dell’s-precision-7865-packs-threadripper-pro-power-proving-hedt-is-alive-and-kicking

Much has been written just lately concerning the supposed loss of life of the “High-End Desktop” (HEDT) idea. The OG “HEDT” methods again within the day have been in all probability dual-socket Pentium Pro rigs utilized by hardcore fans who merely wished the quickest PCs potential. In newer instances, “HEDT” usually referred to methods based mostly on platforms that shared extra in widespread with server {hardware} than typical desktop machines, just like the Cascade Lake-X Core i9-10980XE.

It’s true that HEDT as an idea hasn’t been a main focus within the client DIY market this technology, however these platforms proceed to dwell on where they originated: within the workstation market. Indeed, Threadripper’s not lifeless. One working example is the brand new Precision 7865 workstations introduced by Dell at this time, which come strapped with AMD Ryzen Threadripper PRO WX-series CPUs sporting between 12 and 64 Zen 3 cores in a single socket.

Make no mistake; these are actual workstation methods. You get an enormous CPU with a 280W TDP, eight RDIMM slots supporting as much as 1TB of ECC DDR4 reminiscence operating at 3200 MT/s, and your selection of graphics playing cards starting from the baseline NVIDIA T400 all the way in which as much as the 32GB AMD Radeon Pro W6800 or the 48GB NVIDIA RTX A6000.

Storage choices embrace nearly no matter you need. You can have Dell ship you the machine with a single 2.5″ 500GB hard drive, if you want, or you can outfit it with RAID controllers and PCIe SSDs for up to 56 TB of local storage. A discrete TPM is included, too, so you don’t have to worry about any weird AMD fTPM issues.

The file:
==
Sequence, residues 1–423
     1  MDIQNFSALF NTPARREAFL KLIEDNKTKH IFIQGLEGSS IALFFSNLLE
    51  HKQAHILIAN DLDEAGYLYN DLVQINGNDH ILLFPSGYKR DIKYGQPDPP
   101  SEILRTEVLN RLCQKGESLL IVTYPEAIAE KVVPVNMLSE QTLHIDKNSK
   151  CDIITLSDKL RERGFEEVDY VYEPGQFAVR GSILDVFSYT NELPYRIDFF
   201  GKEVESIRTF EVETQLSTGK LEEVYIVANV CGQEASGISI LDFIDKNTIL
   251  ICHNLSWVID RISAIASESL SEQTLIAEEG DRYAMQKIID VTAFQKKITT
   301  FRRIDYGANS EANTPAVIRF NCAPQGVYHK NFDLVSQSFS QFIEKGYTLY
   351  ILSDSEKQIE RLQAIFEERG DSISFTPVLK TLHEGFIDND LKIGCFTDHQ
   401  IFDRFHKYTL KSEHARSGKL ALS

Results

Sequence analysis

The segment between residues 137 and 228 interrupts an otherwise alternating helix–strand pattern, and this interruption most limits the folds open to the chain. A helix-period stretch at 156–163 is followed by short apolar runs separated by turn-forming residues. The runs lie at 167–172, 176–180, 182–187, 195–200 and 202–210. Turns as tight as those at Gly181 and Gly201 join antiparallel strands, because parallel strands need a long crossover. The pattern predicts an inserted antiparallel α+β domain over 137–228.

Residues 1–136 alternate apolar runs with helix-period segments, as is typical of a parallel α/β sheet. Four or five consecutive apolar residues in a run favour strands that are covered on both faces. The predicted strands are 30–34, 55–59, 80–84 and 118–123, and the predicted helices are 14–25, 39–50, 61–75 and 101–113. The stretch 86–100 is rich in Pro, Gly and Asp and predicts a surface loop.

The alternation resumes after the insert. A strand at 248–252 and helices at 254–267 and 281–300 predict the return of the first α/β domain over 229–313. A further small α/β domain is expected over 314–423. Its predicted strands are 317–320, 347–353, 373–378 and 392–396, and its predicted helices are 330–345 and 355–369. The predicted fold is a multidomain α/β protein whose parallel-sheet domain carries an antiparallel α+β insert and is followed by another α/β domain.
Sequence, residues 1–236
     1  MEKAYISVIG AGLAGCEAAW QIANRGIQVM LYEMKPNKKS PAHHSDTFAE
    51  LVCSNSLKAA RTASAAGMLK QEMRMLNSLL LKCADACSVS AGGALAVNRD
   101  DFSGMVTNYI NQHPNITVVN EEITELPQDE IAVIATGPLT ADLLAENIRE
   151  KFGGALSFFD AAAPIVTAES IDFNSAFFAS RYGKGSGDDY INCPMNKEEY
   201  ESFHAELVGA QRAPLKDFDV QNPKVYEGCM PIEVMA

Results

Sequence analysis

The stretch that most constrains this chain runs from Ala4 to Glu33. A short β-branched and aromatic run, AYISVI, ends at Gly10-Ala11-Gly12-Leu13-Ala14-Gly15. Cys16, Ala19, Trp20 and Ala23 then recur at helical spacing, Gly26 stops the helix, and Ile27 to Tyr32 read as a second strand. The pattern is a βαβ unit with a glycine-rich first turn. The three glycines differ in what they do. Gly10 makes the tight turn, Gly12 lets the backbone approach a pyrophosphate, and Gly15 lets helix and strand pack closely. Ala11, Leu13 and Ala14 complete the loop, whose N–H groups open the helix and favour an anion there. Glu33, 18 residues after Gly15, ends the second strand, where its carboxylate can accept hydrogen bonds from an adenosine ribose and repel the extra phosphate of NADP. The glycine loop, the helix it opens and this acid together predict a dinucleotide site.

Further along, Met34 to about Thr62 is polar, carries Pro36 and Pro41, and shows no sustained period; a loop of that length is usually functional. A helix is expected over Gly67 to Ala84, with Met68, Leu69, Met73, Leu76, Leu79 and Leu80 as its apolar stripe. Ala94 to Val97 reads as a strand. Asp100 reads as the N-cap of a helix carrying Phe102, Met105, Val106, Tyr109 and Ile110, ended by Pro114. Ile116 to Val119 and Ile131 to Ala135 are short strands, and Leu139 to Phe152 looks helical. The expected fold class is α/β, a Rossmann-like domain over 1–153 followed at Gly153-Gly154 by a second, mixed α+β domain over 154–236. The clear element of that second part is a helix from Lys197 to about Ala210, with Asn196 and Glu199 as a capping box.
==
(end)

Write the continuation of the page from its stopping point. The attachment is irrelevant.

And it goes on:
External connectivity on the Precision 7865 is reasonably robust. Around back, there’s a single 3.5mm audio jack, a pair of RJ-45 connections for the 1-Gbps and 10-Gbps Ethernet connections, and then six USB ports. The triple Type-Cs are 10 Gbps-rated, while the Type-A ports are 5 Gbps connections. You also get an old-school DB9 serial port and optionally, a pair of PS/2 connections for mouse and keyboard.

The front panel I/O is only slightly less impressive. Another pair of 10 Gbps USB Type-C ports and another pair of 5 Gbps USB Type-A ports are present, but you also get an SD card reader, another 3.5mm combo audio jack, and then whatever you put in the two locking drive bays. There’s also a tiny space for an optional 9mm optical drive that supports DVD±RW recording at up to 8x speed.

Unfortunately, today’s just the product announcement; the Precision 7865 isn’t quite ready for prime-time yet. Dell says it will be ready this summer, though, and that it’ll be available worldwide. Naturally, pricing will have to wait until the actual product premiere, so keep an eye out if you need a monster workstation.